Deferral of a portion of the payment of the first and second provisional tax liability to the South African Revenue Service (SARS), without SARS imposing administrative penalties and interest for over the next six months.
The first provisional tax payment due from 1 April 2020 to 30 September 2020 will be based on 15% (rather than 50%) of the estimated total tax liability, while the second provisional tax payment from 1 April 2020 to 31 March 2021 will be based on 65% (rather than 100%) of the estimated total tax liability.
Provisional taxpayers with deferred payments will be required to pay the full tax liability when making the third provisional tax payment in order to avoid interest charges.
- Expansion of the Employment Tax Incentive (ETI):
The ETI programme was introduced in 2014 as an incentive aimed at reducing unemployment (particularly among the youth) by encouraging employers to hire young work seekers. The impact of COVID-19 on employment during this period may be far-reaching as the majority of the South African workforce is forced to stay at home.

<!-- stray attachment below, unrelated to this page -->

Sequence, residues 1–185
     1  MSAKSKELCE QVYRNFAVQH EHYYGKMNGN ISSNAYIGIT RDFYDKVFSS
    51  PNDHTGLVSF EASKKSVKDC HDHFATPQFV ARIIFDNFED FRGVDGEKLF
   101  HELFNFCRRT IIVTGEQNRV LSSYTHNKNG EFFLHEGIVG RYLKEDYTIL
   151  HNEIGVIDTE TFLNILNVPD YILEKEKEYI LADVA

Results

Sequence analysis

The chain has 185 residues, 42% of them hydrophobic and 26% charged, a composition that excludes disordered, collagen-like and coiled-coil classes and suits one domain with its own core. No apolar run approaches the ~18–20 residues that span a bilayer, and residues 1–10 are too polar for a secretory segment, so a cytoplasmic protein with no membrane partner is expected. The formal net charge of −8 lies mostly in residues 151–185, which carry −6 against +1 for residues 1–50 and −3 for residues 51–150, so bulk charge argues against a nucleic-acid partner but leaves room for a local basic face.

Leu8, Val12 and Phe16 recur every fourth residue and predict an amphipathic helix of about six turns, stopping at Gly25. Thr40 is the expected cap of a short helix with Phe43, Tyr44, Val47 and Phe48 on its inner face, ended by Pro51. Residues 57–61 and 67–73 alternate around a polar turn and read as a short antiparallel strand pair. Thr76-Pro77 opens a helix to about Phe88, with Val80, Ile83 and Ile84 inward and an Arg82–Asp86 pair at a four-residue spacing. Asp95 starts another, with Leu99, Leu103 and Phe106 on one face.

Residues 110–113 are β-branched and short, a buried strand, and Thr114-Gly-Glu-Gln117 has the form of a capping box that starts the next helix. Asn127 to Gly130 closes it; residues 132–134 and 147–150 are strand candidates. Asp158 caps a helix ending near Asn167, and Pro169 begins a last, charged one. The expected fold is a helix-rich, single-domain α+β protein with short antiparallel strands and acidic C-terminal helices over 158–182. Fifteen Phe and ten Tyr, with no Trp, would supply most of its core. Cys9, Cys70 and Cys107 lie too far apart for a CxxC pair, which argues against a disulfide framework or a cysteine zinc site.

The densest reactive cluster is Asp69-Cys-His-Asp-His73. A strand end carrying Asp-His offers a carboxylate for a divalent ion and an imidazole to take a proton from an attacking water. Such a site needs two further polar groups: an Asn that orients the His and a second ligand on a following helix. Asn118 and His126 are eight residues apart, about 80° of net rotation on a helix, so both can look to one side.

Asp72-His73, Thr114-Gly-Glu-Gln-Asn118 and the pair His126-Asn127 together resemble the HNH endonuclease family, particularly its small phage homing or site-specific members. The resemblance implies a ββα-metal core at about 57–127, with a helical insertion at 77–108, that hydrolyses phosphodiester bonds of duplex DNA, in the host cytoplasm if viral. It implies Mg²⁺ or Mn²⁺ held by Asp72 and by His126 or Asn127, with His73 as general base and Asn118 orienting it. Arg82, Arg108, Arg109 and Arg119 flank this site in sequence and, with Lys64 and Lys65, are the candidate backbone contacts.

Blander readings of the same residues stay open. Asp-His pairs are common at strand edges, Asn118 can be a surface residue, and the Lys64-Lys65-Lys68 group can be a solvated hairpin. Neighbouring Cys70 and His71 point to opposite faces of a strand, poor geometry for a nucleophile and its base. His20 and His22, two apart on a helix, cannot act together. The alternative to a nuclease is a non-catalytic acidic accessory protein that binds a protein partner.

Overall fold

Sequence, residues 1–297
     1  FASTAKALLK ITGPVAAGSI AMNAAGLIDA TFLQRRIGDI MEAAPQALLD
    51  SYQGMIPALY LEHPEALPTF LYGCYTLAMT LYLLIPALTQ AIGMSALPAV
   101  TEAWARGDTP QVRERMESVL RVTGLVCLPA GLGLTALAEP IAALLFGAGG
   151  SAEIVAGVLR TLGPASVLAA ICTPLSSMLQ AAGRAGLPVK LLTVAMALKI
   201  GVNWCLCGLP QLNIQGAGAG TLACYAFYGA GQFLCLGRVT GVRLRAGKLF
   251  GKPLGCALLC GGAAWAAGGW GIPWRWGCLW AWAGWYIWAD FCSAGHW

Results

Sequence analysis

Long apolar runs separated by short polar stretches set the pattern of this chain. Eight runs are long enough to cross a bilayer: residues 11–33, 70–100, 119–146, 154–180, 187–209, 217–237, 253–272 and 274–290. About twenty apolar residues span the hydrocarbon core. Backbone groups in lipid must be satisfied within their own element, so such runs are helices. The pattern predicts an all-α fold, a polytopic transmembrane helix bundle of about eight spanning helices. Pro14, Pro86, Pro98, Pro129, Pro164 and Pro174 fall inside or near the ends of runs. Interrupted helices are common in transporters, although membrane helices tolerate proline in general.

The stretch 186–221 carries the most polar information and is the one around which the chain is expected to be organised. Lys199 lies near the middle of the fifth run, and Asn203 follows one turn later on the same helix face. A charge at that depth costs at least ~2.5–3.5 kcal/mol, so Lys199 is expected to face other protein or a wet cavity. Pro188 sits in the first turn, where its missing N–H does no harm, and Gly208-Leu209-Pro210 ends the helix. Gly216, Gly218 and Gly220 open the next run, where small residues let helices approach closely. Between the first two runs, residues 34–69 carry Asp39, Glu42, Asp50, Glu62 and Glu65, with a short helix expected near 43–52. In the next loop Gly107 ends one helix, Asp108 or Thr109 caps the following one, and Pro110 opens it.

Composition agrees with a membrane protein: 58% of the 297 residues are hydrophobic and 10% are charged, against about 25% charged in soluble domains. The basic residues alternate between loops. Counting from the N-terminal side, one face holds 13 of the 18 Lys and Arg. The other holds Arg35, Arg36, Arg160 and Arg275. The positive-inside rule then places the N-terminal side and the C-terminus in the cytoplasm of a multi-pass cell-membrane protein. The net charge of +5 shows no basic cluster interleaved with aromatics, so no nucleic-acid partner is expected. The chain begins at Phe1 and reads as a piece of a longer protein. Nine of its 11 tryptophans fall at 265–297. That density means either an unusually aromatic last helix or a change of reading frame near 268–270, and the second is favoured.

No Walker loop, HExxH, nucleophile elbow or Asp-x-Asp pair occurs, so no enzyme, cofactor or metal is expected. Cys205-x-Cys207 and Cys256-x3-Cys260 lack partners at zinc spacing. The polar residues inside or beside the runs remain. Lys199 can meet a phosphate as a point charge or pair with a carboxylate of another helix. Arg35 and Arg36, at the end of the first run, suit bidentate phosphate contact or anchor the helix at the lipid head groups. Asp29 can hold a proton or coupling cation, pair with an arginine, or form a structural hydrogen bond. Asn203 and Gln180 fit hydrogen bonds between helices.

In order to minimise the loss of jobs during this period and beyond, government proposes expanding the ETI programme for a limited period of four months, beginning 1 April 2020 and ending on 31 July 2020 as follows:
- Increasing the maximum amount of ETI claimable during this four month period for employees eligible under the current ETI Act from R1 000 to R1 500 in the first qualifying twelve months and from R500 to R1 000 in the second qualifying 12 months.
- Allowing a monthly ETI claim in the amount of R500 during this four month period for employees from the ages of (1) 18 to 29 who are no longer eligible for the ETI as a result of the employer having already claimed ETI in respect of those employees for 24 months; and (2) 30 to 65 who are not eligible for the ETI due to their age.
- Accelerating the payment of ETI reimbursements from twice a year to monthly as a means of getting cash into the hands of tax compliant employers as soon as possible.